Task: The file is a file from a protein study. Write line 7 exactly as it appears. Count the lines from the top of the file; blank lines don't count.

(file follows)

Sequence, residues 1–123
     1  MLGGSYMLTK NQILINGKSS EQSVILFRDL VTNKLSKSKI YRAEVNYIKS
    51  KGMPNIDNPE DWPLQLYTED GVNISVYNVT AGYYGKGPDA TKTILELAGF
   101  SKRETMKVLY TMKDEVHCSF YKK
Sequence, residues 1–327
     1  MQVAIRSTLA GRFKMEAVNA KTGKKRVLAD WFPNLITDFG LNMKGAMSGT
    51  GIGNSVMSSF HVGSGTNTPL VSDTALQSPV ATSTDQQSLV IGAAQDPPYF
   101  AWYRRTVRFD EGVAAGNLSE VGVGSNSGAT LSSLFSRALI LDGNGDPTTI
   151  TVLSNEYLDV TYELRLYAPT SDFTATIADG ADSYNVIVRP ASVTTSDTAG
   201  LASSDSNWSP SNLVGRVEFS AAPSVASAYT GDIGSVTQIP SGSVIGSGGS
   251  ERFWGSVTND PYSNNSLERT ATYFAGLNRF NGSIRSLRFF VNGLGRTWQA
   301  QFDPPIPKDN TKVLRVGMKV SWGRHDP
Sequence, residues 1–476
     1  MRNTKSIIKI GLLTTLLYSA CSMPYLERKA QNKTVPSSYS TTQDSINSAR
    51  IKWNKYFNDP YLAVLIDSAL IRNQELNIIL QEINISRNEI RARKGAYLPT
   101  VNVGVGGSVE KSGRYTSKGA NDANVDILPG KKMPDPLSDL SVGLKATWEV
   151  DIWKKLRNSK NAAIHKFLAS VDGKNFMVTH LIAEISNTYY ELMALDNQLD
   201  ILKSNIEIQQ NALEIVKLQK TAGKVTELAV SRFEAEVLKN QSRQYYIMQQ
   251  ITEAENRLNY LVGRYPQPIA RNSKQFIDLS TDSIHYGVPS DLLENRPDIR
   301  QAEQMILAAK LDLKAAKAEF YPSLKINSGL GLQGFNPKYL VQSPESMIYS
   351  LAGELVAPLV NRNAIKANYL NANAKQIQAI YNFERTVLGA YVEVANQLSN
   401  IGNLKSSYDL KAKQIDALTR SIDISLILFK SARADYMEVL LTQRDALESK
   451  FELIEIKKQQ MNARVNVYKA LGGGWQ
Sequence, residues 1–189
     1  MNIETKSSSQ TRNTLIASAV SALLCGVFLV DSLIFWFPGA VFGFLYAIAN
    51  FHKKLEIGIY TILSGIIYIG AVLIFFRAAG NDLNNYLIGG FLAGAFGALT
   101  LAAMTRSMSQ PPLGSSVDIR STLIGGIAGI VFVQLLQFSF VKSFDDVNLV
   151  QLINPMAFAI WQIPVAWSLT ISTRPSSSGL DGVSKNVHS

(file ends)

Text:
    51  GIGNSVMSSF HVGSGTNTPL VSDTALQSPV ATSTDQQSLV IGAAQDPPYF